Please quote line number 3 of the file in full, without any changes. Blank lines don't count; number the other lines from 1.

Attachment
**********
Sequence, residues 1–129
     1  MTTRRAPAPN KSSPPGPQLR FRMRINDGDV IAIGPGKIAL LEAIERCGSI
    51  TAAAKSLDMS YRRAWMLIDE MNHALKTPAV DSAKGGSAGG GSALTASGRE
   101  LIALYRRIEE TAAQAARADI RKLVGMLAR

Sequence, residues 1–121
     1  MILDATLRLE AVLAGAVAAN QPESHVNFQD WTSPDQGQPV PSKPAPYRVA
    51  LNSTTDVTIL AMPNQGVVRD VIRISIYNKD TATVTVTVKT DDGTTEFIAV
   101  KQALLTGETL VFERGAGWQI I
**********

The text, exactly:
    51  TAAAKSLDMS YRRAWMLIDE MNHALKTPAV DSAKGGSAGG GSALTASGRE